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The Devil Came on Horseback: Bearing Witness to the Genocide in Darfur Hardcover – 3 May 2007


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Product details

  • Hardcover: 264 pages
  • Publisher: PublicAffairs,U.S.; 1 edition (3 May 2007)
  • Language: English
  • ISBN-10: 1586484745
  • ISBN-13: 978-1586484743
  • Product Dimensions: 24.2 x 16.6 x 2.1 cm
  • Average Customer Review: 3.3 out of 5 stars  See all reviews (3 customer reviews)
  • Amazon Bestsellers Rank: 1,802,655 in Books (See Top 100 in Books)

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Product Description

About the Author

Brian Steidle, a former US Marine, worked for the African Union where he served in Darfur. He has made several return trips to Africa and now gives lectures across America. Gretchen Steidle Wallace is Brian's sister and the founder of Global Grassroots, a non profit organization. Brian and Gretchen live in New Hampshire, USA. For further information, visit www.globalgrassroots.org.

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Customer Reviews

3.3 out of 5 stars
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Most Helpful Customer Reviews

By Lawyeraau HALL OF FAMETOP 1000 REVIEWER on 24 Feb. 2008
Format: Hardcover
This is an eyewitness account of the genocide in Darfur. In 2004, former marine, Brian Steidle, signed on with the Joint Military Commission (JMC) for a position as a Patrol Leader in the Sudan. The JMC was created to oversee conflict in central Sudan and monitor a ceasefire. His job was to consist of investigating ceasefire violations. Steidle accepted the position with the JMC totally ignorant of the area in which he would be working and its political issues and conflicts. By the time he arrived in the Sudan, a full blown genocide was in progress.

Steidle's role was that of reporting what he saw, and what he saw was a Sudanese government that stood idly by as innocent black African civilians, rather than rebel forces, were routinely killed and tortured by Arab civilians known as "Janjaweed" (the devil on horseback) with the seeming blessing of the Sudanese government based in Khartoum and the aid of its government troops. Frustrated by his watchdog role, Steidle carefully documented all that he saw in order to bear witness to this large scale genocide that was taking place and alert the world to it, as he was stationed where journalists were nowhere to be found.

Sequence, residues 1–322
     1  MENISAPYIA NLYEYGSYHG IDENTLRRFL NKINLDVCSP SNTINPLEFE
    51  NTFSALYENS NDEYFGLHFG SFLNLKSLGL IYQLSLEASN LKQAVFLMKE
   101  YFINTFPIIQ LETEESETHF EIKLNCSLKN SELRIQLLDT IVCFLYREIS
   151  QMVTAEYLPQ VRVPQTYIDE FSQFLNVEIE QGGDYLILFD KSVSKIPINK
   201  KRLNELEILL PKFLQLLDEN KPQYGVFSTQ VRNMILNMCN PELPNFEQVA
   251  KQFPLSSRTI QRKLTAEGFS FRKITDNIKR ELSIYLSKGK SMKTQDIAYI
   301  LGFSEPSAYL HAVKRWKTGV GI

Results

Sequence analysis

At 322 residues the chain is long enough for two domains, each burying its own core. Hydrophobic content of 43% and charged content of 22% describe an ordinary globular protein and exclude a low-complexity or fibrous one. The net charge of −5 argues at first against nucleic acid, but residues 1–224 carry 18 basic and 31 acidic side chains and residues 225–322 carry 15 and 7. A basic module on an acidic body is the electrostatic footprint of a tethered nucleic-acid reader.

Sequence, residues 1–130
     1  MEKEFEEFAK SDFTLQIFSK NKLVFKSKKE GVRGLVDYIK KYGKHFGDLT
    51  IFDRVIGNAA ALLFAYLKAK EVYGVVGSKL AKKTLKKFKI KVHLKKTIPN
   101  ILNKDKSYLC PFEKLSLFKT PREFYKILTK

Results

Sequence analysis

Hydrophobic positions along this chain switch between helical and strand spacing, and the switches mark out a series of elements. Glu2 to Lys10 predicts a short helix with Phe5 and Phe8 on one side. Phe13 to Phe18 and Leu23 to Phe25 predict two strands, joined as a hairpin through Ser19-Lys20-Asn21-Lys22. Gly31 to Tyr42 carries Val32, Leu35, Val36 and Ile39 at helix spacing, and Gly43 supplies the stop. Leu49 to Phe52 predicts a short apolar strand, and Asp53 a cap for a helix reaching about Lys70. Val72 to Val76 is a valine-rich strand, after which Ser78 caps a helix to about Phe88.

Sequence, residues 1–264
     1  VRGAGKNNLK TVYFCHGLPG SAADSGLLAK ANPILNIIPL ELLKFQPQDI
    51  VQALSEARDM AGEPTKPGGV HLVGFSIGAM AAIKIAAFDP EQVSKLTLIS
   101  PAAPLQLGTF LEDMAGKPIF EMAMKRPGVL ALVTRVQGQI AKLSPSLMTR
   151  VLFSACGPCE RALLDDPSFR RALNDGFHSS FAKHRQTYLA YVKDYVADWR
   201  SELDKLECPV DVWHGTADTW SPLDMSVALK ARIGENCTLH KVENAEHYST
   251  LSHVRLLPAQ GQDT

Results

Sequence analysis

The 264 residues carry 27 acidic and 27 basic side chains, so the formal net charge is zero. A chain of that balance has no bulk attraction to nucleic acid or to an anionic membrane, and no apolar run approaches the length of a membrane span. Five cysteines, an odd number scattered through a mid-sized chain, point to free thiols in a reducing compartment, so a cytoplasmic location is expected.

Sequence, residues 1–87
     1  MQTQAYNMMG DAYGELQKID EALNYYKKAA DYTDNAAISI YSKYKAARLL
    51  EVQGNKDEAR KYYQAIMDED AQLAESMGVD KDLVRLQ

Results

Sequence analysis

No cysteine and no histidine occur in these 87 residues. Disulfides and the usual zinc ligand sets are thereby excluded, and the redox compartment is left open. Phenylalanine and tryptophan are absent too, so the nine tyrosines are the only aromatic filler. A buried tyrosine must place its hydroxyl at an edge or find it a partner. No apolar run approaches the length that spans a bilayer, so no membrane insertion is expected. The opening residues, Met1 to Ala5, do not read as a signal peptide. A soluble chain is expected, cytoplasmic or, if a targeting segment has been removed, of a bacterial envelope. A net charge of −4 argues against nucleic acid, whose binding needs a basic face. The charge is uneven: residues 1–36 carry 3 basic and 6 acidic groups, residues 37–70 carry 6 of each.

His is a compelling birds-eye view of a regional conflict that degenerated into a full scale genocide of its native people. The shortcoming of the book is the author's ignorance of the area and its historical and political conflicts. Thus, nothing in the book is grounded into any particular context, causing it to be a somewhat one dimensional account. While the author's outrage is palpable, so is his ignorance. Still, it is a harrowing account of the suffering of the Sudan's black citizens and an indictment of the Sudanese government and the international community.
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By Misspuddleduck on 11 May 2013
Format: Hardcover Verified Purchase
What selfish and self centered authors these two are. I cannot believe what I read, or I try not to believe what I read. How can anyone just think of self, self, self glorification over genocide. I never finished the book.

I shall pray for those people suffering genocide whilst aid agencies sit 100-200 miles behind the firing line and then swoop in for glorification after the event.
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Format: Paperback
This is one of the books that makes you think why you torture yourself by reading it. But you cannot stop reading it. It makes you question your own actions and think what can you do to change the world and make it a little bit better. It's a touching and shocking story that everyone should read.
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Most Helpful Customer Reviews on Amazon.com (beta)

Amazon.com: 17 reviews
25 of 25 people found the following review helpful
Compelling First-Hand Descriptions of the Darfur Crisis 10 May 2007
By John Uniack Davis - Published on Amazon.com
Format: Hardcover
Former U.S. Marine Brian Steidle signed on to go to Darfur on an African Union ceasefire monitoring mission, but standing idly by while "African" civilians were massacred, mutilated, and raped by predominantly "Arab" tormenters in the service of the Sudanese Government was not what he had bargained for. In his eyes, he gained a small measure of redemption by meticulously documenting everything he saw, heard, and experienced, and then trying to stir the world's conscience, though this was certainly not his initial intention.

This book's greatest strength comes from the vivid and detailed descriptions of the author's often-harrowing experiences. The Devil Came on Horseback pulls no punches in describing the slow-motion tsunami that the Khartoum regime is inflicting upon its people. Steidle provides great descriptions of events and sequences of events, and these are supported by a very good map of Darfur, which enables the reader to follow the evolution of events on the ground.

What is often lacking in the book is a detailed analysis of the complicated social, cultural, and political context of the Darfur conflict and genocide, though in Part Three ("Genocide") he provides more of this kind of information than he does earlier in the book. His outrage and passion are palpable, but analysis is often lacking. A novel aspect of this volume is that the author is a military observer, but he unfortunately does not look very deeply at the political constraints or other factors that hinder the effectiveness of African Union forces. Steidle's military background would have given him an interesting vantage point from which to examine the pros and cons of peacekeeping forces led by the African Union as opposed to the United Nations, for example, but he never goes into much detail on these important issues.